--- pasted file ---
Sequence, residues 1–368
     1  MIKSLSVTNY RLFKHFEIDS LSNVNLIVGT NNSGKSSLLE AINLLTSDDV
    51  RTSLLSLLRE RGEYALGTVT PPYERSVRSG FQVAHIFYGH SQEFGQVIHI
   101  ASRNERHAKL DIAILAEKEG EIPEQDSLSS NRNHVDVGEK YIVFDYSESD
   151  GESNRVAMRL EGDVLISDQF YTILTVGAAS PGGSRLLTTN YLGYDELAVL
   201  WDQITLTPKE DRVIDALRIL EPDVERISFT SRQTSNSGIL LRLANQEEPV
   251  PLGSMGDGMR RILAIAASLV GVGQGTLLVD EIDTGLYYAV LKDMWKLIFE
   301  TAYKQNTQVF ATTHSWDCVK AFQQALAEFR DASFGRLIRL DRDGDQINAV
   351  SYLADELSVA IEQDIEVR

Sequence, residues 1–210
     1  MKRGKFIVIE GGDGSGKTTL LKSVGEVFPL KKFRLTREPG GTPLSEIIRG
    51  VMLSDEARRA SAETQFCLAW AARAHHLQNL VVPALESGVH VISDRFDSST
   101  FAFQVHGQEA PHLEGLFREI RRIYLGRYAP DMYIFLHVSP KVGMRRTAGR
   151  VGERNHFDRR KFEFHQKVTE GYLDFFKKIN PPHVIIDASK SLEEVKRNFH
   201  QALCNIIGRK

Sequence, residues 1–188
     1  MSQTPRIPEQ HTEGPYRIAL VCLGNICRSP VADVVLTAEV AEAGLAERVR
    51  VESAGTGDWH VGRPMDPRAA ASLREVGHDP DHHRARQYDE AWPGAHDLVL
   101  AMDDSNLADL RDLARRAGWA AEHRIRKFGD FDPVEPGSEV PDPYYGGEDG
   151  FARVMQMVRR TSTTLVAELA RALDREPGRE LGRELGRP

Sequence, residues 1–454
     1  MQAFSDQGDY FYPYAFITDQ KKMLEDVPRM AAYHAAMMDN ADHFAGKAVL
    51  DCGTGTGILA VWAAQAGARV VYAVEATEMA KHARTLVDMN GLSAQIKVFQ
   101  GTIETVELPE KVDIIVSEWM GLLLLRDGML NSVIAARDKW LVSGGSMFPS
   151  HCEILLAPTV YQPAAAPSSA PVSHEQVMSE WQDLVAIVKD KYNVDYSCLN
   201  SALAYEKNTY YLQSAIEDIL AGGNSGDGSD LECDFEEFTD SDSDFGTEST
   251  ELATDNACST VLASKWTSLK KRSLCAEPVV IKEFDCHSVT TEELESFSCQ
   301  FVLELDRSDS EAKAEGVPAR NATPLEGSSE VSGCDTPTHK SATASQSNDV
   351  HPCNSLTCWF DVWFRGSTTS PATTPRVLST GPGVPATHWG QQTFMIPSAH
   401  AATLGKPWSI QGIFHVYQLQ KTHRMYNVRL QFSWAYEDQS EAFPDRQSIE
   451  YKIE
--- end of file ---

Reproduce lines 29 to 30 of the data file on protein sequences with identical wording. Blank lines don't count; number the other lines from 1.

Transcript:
   351  HPCNSLTCWF DVWFRGSTTS PATTPRVLST GPGVPATHWG QQTFMIPSAH
   401  AATLGKPWSI QGIFHVYQLQ KTHRMYNVRL QFSWAYEDQS EAFPDRQSIE